IBM has teamed with GPU experts Nvidia to give a new generation of artificial intelligence (AI) applications "unmatched capabilities".
Speaking on stage at the tech giant's Think Conference in Las Vegas, IBM's senior vice president of cognitive solutions, John Kelly, said the pair have teamed up to "to turn raw data into intelligence".
At the gathering of more than 40,000 technologists, consultants, developers, and business leaders, Kelly explained: "We've chosen a great partner, Nvidia, to be our partner to accelerate artificial intelligence and machine learning.
"It's a very successful company and a world leader in artificial intelligence with their GPUs."
Using Nvidia's GPUs, IBM can reduce the number of servers it needs to harness data 50 times faster on a key benchmark, the firm said.
Kelly invited Nvidia CEO Jensen Huang on stage to further explain the reason behind the partnership. Huang said companies are racing to train a new generation of AI applications that will give them unmatched new capabilities.
"I believe every company in the world will have high-performance computers or supercomputers inside," the Nvidia CEO explained. "Instead of engineers doing coding, you will have supercomputers learning, and whoever learns the fastest will get to market soonest."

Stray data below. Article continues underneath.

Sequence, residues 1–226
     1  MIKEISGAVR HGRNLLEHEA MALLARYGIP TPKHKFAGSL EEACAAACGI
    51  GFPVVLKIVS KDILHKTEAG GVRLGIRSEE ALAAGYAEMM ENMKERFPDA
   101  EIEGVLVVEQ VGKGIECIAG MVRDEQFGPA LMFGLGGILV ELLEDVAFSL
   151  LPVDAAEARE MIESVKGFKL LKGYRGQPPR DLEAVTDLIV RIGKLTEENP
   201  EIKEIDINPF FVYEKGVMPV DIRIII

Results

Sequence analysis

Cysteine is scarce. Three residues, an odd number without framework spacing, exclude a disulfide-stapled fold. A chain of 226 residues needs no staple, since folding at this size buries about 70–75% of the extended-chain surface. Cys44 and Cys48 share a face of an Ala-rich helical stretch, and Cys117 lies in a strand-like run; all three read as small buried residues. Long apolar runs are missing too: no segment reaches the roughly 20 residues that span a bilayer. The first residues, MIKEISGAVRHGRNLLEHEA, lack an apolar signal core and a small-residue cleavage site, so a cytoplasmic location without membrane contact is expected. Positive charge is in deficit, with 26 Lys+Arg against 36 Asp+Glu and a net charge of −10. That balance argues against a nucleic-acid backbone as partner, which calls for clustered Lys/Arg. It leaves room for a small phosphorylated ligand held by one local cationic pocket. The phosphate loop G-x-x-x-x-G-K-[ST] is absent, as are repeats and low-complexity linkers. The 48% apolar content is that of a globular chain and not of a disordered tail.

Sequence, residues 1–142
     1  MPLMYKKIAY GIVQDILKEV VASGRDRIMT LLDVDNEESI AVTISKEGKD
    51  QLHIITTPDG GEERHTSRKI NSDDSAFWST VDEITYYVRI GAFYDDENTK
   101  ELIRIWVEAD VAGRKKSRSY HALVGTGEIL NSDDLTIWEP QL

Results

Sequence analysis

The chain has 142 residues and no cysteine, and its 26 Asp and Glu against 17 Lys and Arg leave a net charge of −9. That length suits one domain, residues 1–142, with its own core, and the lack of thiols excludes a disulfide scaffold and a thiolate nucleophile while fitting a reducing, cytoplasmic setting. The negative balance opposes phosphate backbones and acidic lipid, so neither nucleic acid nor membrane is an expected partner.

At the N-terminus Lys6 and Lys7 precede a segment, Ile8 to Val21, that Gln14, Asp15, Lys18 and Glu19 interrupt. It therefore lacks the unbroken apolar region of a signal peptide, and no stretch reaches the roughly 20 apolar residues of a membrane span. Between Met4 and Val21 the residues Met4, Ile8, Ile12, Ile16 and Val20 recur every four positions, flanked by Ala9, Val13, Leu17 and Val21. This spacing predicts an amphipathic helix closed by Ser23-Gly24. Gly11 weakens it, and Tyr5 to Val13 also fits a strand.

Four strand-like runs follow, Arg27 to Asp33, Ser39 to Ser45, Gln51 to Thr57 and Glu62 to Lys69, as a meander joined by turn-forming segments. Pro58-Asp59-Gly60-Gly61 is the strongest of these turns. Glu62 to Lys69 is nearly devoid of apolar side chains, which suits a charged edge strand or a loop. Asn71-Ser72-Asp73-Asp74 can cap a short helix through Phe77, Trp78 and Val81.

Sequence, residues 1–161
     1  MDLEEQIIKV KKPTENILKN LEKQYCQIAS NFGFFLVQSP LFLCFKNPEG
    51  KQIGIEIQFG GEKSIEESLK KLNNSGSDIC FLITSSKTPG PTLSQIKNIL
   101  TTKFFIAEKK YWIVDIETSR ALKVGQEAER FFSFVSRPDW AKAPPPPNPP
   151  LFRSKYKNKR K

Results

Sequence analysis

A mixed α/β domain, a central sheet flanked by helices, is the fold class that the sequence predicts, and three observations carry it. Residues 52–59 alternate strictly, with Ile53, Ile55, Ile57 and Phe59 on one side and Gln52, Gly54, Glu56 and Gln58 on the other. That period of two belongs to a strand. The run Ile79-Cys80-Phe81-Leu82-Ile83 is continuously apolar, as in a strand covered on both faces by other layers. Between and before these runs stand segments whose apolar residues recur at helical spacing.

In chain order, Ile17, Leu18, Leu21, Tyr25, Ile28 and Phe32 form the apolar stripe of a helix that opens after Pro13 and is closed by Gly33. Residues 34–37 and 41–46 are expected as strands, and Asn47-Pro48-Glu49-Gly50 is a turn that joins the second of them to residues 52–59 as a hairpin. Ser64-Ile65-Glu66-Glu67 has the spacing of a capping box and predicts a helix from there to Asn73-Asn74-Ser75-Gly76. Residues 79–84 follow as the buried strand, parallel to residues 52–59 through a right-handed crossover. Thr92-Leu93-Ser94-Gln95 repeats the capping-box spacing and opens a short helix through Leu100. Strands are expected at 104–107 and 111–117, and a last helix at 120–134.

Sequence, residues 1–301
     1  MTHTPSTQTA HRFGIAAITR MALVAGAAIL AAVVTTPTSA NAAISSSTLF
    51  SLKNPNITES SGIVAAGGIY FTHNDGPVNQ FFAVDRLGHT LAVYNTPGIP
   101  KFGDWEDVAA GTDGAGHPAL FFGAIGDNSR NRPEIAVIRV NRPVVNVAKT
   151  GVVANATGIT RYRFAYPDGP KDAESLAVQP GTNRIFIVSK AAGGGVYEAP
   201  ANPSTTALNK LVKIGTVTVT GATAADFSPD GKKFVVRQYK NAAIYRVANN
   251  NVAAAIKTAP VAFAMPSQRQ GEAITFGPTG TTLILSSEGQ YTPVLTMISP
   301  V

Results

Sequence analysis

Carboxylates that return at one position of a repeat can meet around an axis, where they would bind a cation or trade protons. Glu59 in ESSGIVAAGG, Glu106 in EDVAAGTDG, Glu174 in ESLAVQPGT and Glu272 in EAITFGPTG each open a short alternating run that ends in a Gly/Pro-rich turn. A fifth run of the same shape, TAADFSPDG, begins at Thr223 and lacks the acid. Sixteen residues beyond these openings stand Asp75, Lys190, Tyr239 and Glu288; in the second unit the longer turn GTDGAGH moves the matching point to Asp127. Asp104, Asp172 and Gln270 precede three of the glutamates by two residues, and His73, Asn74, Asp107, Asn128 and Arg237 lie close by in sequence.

Ahead of Huang's appearance, IBM announced that a team at its Zurich research lab tapped Nvidia Tesla V100 GPUs to beat a key performance benchmark for a machine learning workload by 46 times.
Not only did it accomplish the feat far faster, but it did so using fewer servers than the previous record holder.
The team used a terabyte-scale dataset to predict clicks on advertisements in 91.5 seconds, compared to the previous record of 70 minutes, set in February of last year.
This kind of "logistic regression" analysis is a key tool of the trade for machine learning professionals, IBM claimed.
Kelly explained that more is on the way, arguing that machine learning will transform industries as diverse as retail, oil and gas discovery, automobiles, shipping, and healthcare.
"I cannot think of a single industry that is not only going to be not only impacted, but completely transformed," he added.
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